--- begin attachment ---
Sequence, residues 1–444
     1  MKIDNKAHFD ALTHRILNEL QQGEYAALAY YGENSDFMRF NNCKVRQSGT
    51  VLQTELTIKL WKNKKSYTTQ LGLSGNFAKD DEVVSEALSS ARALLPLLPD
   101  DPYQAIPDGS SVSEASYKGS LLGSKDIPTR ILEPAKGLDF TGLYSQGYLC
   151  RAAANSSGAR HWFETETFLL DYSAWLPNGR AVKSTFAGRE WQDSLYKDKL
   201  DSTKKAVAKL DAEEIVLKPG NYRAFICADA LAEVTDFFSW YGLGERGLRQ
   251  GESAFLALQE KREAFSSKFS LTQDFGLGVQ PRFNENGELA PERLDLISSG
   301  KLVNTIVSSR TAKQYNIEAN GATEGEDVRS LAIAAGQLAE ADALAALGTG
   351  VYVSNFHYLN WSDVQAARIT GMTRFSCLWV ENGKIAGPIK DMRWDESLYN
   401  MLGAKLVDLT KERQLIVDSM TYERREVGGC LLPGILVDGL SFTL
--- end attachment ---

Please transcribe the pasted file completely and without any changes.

Sequence, residues 1–444
     1  MKIDNKAHFD ALTHRILNEL QQGEYAALAY YGENSDFMRF NNCKVRQSGT
    51  VLQTELTIKL WKNKKSYTTQ LGLSGNFAKD DEVVSEALSS ARALLPLLPD
   101  DPYQAIPDGS SVSEASYKGS LLGSKDIPTR ILEPAKGLDF TGLYSQGYLC
   151  RAAANSSGAR HWFETETFLL DYSAWLPNGR AVKSTFAGRE WQDSLYKDKL
   201  DSTKKAVAKL DAEEIVLKPG NYRAFICADA LAEVTDFFSW YGLGERGLRQ
   251  GESAFLALQE KREAFSSKFS LTQDFGLGVQ PRFNENGELA PERLDLISSG
   301  KLVNTIVSSR TAKQYNIEAN GATEGEDVRS LAIAAGQLAE ADALAALGTG
   351  VYVSNFHYLN WSDVQAARIT GMTRFSCLWV ENGKIAGPIK DMRWDESLYN
   401  MLGAKLVDLT KERQLIVDSM TYERREVGGC LLPGILVDGL SFTL